Top administration officials will meet with their Chinese counterparts for the first time on Thursday as the United States shifts to a more competitive posture with Beijing.
By David E. Sanger and Michael Crowley
WASHINGTON — President Biden is engineering a sharp shift in policy toward China, focused on gathering allies to counter Beijing’s coercive diplomacy around the world and ensuring that China does not gain a permanent advantage in critical technologies.
At first glance, it seems to adopt much of the Trump administration’s conviction that the world’s two biggest powers are veering dangerously toward confrontation, a clear change in tone from the Obama years.
But the emerging strategy more directly repudiates the prevailing view of the last quarter century that deep economic interdependence could be counted on to temper fundamental conflicts on issues like China’s military buildup, its territorial ambitions and human rights.
It focuses anew on competing more aggressively with Beijing on technologies vital to long-term economic and military power, after concluding that President Donald J. Trump’s approach — a mix of expensive tariffs, efforts to ban Huawei and TikTok, and accusations about sending the “China virus” to American shores — had failed to change President Xi Jinping’s course.
The result, as Jake Sullivan, President Biden’s national security adviser, put it during the campaign last year, is an approach that “should put less focus on trying to slow China down and more emphasis on trying to run faster ourselves” through increased government investment in research and technologies like semiconductors, artificial intelligence and energy.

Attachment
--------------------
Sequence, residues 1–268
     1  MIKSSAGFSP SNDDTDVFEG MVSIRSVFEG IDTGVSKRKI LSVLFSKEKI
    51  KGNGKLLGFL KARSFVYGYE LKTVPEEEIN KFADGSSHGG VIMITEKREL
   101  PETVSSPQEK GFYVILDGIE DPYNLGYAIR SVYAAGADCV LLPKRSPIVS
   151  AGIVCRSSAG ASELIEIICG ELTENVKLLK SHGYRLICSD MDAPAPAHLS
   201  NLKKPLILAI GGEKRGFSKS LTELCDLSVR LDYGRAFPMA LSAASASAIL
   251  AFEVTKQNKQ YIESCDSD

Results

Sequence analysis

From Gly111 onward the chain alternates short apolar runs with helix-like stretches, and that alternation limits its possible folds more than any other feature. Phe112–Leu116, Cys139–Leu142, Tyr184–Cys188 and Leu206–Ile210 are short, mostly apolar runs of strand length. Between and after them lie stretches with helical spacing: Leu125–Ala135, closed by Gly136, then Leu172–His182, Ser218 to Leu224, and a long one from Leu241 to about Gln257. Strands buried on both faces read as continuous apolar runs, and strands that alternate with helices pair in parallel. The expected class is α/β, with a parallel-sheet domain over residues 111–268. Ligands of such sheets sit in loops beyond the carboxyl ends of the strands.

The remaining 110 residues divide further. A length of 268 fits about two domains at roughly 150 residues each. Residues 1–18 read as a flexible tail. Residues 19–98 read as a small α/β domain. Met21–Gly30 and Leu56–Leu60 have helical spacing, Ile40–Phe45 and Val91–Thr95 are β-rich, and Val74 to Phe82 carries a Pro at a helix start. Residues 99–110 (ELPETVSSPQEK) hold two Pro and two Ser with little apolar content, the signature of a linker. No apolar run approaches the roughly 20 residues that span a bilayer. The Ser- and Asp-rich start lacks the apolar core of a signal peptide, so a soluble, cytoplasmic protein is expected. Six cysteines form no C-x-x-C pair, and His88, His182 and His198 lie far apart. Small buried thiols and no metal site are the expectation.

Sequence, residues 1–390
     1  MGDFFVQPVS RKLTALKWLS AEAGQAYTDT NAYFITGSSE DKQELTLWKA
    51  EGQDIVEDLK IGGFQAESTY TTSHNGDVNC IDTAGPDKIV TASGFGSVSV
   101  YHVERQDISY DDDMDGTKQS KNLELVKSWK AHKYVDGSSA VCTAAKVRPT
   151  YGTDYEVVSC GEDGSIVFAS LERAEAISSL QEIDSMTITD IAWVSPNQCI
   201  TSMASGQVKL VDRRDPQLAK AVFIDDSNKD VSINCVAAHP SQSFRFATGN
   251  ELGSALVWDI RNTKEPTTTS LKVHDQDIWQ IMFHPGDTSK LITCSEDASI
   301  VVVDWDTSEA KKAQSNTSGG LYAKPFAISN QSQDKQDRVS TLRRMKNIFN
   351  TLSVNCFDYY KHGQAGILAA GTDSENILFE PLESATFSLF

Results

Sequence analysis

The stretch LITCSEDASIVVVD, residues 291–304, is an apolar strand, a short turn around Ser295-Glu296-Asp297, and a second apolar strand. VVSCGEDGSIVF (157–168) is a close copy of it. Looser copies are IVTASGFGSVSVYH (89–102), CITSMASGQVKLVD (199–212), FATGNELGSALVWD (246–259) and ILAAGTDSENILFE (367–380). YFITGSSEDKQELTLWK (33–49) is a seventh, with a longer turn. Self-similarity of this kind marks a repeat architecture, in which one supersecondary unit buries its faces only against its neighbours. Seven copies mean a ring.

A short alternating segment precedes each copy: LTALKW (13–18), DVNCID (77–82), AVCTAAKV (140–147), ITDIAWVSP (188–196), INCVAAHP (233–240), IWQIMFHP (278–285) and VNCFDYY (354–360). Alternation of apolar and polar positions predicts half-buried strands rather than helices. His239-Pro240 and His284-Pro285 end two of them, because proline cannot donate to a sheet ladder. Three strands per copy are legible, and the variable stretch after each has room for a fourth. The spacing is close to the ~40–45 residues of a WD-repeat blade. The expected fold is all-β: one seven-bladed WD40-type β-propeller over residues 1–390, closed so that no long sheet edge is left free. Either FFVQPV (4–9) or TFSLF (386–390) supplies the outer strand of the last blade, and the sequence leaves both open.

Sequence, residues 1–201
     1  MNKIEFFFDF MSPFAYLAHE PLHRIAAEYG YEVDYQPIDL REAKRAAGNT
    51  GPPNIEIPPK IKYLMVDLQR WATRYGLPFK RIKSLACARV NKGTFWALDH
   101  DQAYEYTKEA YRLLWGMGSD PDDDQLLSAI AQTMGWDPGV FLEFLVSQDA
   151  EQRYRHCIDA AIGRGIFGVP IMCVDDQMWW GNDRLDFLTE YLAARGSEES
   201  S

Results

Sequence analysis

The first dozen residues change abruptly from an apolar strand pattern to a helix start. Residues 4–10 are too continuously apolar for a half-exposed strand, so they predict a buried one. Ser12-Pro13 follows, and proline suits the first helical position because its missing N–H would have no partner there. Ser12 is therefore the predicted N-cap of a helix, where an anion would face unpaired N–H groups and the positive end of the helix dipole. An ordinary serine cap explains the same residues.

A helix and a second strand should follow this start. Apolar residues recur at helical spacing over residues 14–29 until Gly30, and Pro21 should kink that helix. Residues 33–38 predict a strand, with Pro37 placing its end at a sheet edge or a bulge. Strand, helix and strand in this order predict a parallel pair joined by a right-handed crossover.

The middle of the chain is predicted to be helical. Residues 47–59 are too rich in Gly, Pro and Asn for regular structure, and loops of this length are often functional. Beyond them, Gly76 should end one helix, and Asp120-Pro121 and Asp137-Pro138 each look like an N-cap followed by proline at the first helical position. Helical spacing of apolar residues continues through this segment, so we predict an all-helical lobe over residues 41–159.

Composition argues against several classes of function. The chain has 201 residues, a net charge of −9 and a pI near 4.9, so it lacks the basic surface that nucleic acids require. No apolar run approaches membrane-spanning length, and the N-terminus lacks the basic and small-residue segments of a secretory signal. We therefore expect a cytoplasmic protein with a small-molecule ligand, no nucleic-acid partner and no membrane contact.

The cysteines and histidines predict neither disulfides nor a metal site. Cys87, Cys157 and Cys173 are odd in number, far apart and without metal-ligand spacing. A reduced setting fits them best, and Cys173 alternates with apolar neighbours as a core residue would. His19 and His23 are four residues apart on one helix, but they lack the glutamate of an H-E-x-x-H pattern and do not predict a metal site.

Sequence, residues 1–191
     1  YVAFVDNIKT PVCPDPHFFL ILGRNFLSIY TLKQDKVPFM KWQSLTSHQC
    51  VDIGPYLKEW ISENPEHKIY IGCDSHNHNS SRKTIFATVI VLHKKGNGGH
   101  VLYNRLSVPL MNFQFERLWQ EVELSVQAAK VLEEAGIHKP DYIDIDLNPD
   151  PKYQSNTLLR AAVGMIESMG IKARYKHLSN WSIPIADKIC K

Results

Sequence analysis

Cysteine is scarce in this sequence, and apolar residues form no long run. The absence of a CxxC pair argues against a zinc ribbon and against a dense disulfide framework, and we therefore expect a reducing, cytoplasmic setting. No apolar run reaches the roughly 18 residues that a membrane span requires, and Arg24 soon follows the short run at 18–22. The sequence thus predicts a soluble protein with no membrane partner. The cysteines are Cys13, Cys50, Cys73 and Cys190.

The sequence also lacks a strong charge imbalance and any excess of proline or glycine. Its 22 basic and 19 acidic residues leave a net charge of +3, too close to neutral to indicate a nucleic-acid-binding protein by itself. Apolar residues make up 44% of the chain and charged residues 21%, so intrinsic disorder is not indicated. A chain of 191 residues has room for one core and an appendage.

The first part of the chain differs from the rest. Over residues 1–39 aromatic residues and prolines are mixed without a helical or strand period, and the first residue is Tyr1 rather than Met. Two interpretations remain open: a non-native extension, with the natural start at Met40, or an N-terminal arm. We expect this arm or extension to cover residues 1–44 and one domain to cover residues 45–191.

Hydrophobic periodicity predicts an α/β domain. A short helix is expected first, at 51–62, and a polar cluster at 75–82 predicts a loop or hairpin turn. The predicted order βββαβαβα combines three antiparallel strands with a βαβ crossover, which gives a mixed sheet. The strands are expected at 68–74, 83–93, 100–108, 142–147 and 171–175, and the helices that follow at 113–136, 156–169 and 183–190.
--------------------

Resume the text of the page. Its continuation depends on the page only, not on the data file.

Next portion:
Mr. Sullivan and Secretary of State Antony J. Blinken will road-test the new approach in what promises to be a tense first encounter on Thursday with their Chinese counterparts in Anchorage. It is a meeting they delayed until they could reach the outlines of a common strategy with allies — notably Japan, South Korea, India and Australia — and one they insisted had to take place on American soil.
But it will also be a first demonstration of Beijing’s determination to stand up to the new administration, and a chance for its diplomats to deliver a litany of complaints about Washington’s “evil” interference in China’s affairs, as a Chinese Foreign Ministry spokesman put it on Wednesday.
The United States imposed sanctions on 24 Chinese officials on Wednesday for undermining Hong Kong’s democratic freedoms, an action whose timing was pointed and clearly intentional. Mr. Blinken said in Tokyo this week that “we will push back if necessary when China uses coercion or aggression to get its way.”
And that is happening almost daily, he conceded, including Beijing’s efforts to terminate Hong Kong’s autonomy, intimidate Australia and Taiwan, and move ahead, despite international condemnation, with what Mr. Blinken has said is a “genocide” aimed at China’s Uyghur minority.
It is all part of the initial resetting of the relationship that has marked Mr. Biden’s renewed, if now far more tense, encounters with Mr. Xi.
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